Everyone is born with different strengths and weaknesses. In some areas of our lives, these variances have trivial effects. However, there are other areas in which these personality types mean the difference between success and failure. This is especially true when it comes to professional pursuits.
While most people would classify themselves somewhere in the middle, there are substantial segments of the population that identify either as extremely passive or very confrontational. As a landlord, both of these personality types can be dangerous.
In this article we’ll take a look at the dangers of having a passive personality and a few ways in which you can overcome and become a more assertive landlord.
Signs and Symptoms of Passivity
Passive behavior is what causes you to sacrifice your own needs and preferences in an effort to help others meet their needs and preferences. While this may simply be characterized as selflessness in many situations, it becomes an issue when it’s a chronic aspect of your life. Just as there are times when it’s totally healthy to be passive, there are other moments when you need to pursue your own best interests.
As a landlord, there’s no room for passivity. Not only does passive behavior make you look weak in the eyes of your tenants, but it can also directly hurt your bottom line. Not quite sure if your passivity is damaging your business? Here are a few signs and symptoms:
- Hesitant speech. When you call to ask a tenant about late rent, do you begin with statements like: “Would you mind if…” “I’m sorry to bother you, but…” or “I’m not angry…”? These hesitant phrases show weakness.
- Self-deprecating. When something goes wrong, is your first instinct to blame yourself? This reveals a lack of confidence in yourself and a desire to avoid blaming others at all costs (even when they’re in the wrong).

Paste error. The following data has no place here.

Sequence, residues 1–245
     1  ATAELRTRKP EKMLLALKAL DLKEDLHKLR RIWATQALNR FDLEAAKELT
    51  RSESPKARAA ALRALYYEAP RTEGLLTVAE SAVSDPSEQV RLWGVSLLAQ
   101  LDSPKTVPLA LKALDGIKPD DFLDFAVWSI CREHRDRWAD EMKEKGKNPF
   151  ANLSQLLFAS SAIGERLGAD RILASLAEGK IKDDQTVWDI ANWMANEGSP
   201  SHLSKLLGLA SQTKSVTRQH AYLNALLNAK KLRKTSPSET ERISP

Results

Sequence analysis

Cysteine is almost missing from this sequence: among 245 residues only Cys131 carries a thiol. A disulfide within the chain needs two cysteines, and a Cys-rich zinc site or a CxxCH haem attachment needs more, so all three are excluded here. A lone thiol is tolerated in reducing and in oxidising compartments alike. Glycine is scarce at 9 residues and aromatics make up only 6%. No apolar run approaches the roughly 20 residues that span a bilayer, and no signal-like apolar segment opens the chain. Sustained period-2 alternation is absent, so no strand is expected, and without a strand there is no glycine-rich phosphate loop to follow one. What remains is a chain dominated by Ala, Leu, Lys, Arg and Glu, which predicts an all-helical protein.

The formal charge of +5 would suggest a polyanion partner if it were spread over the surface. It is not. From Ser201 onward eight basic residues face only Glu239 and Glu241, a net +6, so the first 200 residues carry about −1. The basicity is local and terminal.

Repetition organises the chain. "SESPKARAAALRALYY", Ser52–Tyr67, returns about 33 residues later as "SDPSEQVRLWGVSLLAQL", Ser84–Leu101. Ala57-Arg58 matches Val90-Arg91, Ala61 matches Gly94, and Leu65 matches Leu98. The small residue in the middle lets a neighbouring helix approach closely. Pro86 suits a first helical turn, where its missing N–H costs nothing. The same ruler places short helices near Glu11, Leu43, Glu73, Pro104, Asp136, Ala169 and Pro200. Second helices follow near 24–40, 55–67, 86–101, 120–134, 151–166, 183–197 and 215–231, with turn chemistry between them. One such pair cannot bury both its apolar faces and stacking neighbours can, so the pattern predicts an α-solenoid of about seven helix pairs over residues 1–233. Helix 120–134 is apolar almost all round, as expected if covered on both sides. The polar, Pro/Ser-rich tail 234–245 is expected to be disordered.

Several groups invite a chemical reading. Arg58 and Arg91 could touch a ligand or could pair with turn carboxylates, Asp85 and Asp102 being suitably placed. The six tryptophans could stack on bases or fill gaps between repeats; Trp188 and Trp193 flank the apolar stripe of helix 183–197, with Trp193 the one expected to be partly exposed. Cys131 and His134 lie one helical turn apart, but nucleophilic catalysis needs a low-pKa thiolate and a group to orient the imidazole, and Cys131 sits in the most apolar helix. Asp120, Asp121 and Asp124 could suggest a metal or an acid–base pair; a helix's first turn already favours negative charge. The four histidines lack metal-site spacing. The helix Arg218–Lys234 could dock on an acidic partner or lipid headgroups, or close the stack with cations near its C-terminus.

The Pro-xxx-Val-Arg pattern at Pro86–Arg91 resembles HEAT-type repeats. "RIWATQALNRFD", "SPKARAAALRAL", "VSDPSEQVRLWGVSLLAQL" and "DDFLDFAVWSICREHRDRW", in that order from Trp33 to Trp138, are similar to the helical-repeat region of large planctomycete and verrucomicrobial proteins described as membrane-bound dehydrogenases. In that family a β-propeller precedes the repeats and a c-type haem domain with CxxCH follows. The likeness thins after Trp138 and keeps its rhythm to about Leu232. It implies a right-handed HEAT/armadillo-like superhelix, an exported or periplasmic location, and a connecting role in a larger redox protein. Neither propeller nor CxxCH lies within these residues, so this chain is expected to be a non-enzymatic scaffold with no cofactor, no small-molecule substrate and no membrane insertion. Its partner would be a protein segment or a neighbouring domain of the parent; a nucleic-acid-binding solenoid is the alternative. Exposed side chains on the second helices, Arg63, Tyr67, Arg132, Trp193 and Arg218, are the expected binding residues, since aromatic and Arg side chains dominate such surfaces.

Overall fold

- Avoidance of confrontation. Do you avoid confrontation at all costs – even when it means losing money? Passive people will do anything possible to avoid disagreements, regardless of what’s on the line.
If one or more of these symptoms sound familiar, then it means you’re a passive person. There’s nothing wrong with this, but it’s important that you recognize who you are and seek to overcome some of the unhealthy byproducts of being passive.
5 Tips for Becoming More Assertive
While you don’t want to become this overly confrontational landlord figure that’s seen as a bully, you can’t afford to be walked all over. Here are some healthy tips for becoming more assertive:
- It’s Okay to be Selfish
When it comes to passivity as a landlord, you have to constantly remind yourself that it’s okay to be selfish. In the business world, you have to take a “you or me” mentality. Either you’ll be profitable, or someone else will be. In order to put food on the table and cash flow on your properties, you must seek out your own needs.